3 Brooklyn music experts on the perfect gifts for the music lover in your life

Run them yules fast/Run them run them yules fast

Oh to shop for the music nerd in your life. There’s so much music and music-related stuff out there, and if you choose the wrong thing for your friend, she’ll smile and thank you, but you’ll see the pain in her eyes for having to say that thanks for a boring mainstream thing. Avoid that problem by grabbing any one of these awesome gifts from the people who know music and call themselves your neighbors. You might not be able to thank them personally, but they don’t do this for the glory.

Photo by Amy Pearl/WNYC
Photo by Amy Pearl/WNYC

Sean Rameswaram – Former host of Sideshow, current public radio gadfly

Run the Yules ($50 from Run the Jewels’ merch shop)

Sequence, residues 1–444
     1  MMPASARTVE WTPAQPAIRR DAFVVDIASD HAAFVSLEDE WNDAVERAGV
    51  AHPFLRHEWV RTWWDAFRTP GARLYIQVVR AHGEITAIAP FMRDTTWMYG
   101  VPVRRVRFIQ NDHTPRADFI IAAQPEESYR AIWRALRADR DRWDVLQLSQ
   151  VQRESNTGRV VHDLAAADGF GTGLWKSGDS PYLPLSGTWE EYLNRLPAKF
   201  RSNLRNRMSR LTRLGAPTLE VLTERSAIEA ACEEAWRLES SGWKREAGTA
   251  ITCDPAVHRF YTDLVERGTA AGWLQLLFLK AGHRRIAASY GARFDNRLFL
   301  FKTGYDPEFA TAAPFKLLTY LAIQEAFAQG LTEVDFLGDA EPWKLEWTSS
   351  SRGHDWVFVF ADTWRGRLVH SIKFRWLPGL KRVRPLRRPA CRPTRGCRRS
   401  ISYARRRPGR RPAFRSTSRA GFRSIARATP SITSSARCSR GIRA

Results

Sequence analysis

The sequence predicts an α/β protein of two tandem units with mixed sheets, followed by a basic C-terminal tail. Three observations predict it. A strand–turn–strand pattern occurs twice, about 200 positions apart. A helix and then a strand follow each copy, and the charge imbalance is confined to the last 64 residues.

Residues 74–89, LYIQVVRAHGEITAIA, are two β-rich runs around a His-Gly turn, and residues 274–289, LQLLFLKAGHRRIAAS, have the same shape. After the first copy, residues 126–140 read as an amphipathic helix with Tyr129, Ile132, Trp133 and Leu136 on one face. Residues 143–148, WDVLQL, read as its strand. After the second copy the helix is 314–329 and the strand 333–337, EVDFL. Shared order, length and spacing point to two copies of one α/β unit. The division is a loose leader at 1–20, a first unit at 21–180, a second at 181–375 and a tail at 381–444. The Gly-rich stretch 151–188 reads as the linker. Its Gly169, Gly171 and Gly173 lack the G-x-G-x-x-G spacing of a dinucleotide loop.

Admit it: you’ve never given Run the Jewels any money. You got the albums for free because El-P tweeted download links. You chortled at the Meow the Jewels Kickstarter, but you didn’t actually back the project. You saw them at some free show in Brooklyn, but you didn’t pick up any merch. Now’s your chance to change all that because hip-hop’s fiercest duo has released holiday swag. Forget the ugly Drake sweater. Keep these righteous mother fuckers comfortable so they can keep crushing it for us.

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Apple Music ($9.99 per month)
At some point you just have to give in, right? Pandora was novel enough for a minute. Spotify worked until it didn’t. Tidal is a hot mess. Apple Music, as much as I don’t want it to, just makes sense. You’ve already got the iTunes. Now our aesthetic overlords are giving us an excuse to never buy music. And Ezra Koenig’s making a funny show for them. And they released the “Hotline Bling” video. Here’s more of my money, guys. Give it all to Grimes?